I-RABOT: The Rabo Robot was a high light of the event. Producers had a great time interacting with this clever little fella, who could not only mimic some human movements but also hold a basic conversation.
Story sponsored by Rabobank.
An agricultural revolution is taking place in Australia as the food and agri sector explores innovative ways to feed a growing global population using more sustainable methods.
It's a revolution that kicked into even higher gear at Rabobank's Farm2Fork Summit at Sydney's Cockatoo Island on March 28, when cutting-edge ideas were unveiled, probed and prodded by producers, food and agri entrepreneurs, and industry trailblazers from around the world.
They left no stone unturned as they delved into everything from robotics and ag tech to sustainable farming methods, food waste reduction and alternative foods.
It was a fascinating day revealing a mind-boggling future, a future that will require the food and agri sector to take a huge leap - one that Rabobank Global Chairman Wiebe Draijer likened to mankind taking its first step on the moon.
From Mr Draijer's opening address at Farm2Fork, it was clear that he doesn't doubt that the sector can and will take that leap.
"The question isn't whether we have a challenge, it's how we can get it done. It will be done!" he told the audience of more than 1300 people.
CAPTIVE AUDIENCE: The audience were on tenterhooks for the entire day, as some of the planet's sharpest minds delivered presentation after fascinating presentation on not only the biggest challenges facing the industry but also the potential solutions.
And just how it will be done became clearer as speaker after speaker took to the stage to reveal:
- Technology to be unleashed in agriculture could lead to robots doing farm work, driverless tractors and digital technology like blockchain allowing consumers to confirm where their food comes from.
- Farmers are turning produce that would have been wasted, like substandard bananas that can't be sold, into different nutritious sources of food such as flour.
- Farmers have the opportunity to lift their farm productivity and profitability by adopting sustainability practices like increasing vegetation and tree cover on their farms.
- It's the consumers, such as flexitarians (eating less meat), who are really driving change in the agriculture industry.
- Artificial intelligence is expected to contribute in areas such as indoor farming, precision irrigation, precision weeding, micro technology to identify pests and even face recognition for animals like pigs.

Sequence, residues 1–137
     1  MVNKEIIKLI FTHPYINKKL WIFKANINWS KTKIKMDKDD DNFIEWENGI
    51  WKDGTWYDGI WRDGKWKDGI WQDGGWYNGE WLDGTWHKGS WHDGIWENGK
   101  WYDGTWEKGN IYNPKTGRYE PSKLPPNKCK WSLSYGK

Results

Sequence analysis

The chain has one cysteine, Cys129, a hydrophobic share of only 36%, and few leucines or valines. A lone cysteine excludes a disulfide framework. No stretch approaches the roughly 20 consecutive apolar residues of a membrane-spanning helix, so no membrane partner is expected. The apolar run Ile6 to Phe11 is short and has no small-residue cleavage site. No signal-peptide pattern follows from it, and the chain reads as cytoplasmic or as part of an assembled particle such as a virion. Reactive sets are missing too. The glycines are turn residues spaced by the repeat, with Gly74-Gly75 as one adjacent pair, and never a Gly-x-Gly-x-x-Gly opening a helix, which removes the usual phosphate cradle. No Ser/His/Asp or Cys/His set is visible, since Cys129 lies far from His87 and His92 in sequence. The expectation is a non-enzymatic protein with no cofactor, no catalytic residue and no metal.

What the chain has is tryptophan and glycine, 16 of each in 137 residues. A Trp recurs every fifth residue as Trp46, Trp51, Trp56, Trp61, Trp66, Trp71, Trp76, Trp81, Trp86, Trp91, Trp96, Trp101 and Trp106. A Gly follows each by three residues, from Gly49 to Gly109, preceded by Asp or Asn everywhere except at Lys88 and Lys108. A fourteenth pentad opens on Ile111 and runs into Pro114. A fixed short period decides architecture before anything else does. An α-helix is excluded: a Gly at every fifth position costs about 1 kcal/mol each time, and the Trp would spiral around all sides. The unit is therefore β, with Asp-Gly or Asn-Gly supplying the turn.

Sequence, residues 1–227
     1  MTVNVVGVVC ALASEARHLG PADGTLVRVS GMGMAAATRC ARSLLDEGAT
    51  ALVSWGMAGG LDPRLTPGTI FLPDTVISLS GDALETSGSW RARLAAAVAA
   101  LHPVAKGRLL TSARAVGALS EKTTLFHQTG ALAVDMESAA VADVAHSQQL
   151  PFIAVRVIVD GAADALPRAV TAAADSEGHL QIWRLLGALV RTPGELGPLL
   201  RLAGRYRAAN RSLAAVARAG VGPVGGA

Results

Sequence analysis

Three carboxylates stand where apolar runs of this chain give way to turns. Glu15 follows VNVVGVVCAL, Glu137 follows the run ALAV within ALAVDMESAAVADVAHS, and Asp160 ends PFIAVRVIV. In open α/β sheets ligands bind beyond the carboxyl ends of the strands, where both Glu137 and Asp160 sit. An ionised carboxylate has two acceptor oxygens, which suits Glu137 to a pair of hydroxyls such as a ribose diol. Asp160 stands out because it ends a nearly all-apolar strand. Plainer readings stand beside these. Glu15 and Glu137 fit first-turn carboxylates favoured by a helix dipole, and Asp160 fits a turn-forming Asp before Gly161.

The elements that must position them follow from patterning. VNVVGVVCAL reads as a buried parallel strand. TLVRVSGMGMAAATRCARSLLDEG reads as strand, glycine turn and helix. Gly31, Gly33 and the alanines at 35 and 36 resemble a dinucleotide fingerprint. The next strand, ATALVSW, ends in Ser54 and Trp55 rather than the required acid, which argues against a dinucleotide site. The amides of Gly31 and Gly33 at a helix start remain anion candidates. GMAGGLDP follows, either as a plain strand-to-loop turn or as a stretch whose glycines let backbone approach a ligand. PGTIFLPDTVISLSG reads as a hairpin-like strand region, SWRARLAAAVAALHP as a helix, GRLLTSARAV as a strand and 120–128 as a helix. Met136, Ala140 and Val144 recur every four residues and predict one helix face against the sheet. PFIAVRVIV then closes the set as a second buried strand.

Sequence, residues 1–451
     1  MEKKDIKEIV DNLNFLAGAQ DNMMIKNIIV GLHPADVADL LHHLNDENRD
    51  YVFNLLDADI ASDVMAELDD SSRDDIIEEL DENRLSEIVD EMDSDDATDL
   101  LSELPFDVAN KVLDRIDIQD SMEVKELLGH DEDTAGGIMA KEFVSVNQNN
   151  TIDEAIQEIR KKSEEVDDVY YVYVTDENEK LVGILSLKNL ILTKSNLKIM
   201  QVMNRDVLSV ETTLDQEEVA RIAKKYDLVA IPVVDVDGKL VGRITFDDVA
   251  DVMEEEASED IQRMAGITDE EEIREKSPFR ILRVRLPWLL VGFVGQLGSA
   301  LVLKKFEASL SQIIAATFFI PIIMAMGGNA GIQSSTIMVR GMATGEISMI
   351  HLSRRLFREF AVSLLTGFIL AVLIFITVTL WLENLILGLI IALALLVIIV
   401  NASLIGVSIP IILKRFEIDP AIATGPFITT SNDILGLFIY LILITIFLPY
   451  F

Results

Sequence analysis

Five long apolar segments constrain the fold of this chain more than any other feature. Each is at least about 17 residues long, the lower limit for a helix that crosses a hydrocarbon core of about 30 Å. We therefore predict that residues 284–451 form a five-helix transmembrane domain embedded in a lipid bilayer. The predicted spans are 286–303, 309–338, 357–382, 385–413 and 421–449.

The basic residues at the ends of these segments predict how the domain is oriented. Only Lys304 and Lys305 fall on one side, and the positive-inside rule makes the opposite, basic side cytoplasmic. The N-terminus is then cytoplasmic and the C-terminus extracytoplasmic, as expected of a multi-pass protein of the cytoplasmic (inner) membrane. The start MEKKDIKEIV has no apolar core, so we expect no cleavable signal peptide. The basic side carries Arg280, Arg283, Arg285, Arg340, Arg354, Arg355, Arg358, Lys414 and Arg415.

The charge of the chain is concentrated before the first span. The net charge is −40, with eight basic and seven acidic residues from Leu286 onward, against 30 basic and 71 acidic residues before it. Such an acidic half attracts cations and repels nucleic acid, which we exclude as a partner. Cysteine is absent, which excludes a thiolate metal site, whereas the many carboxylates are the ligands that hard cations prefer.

- Waste is being transformed into value added products by thinking about recycling in a very different way using microfactories. Old clothing being turned into high-end building products like tiles is just one example.
TRANSFORMER: Another massive hit was the Rabotruck, which converted into a massive coffee shop/sanctuary. The Rabobank Research Team were on hand too, giving producers valuable insights into current market trends.
The revelations kept coming off the stage too, with around 30 innovative food and agri entrepreneurs demonstrating their exceptional ideas and products in the Farm2Fork Innovation Gardens. Such as:
- Goterra helping to manage food waste in a more sustainable way by using insects to eat waste rather than it going to landfill.
- AgriWebb is making record keeping and farm management easier by integrating on farm and off farm technology.
- Insects are being used by Australia's largest edible insect farm and product manufacturer, Edible Bug Shop, to enrich foods we eat every day.
- Patent-pending technology developed by ProAgni to produce antibiotic-free sheep and cattle feed to improve animal nutrition and human health.
- Aglive's technology to capture real-time data that enables digital traceability and provenance transparency of livestock to build trust across the entire supply chain.
- Artificial intelligence from Winnow that records and analyses kitchen waste to help chefs cut food waste, save money and reduce their environmental footprint.
Story sponsored by Rabobank.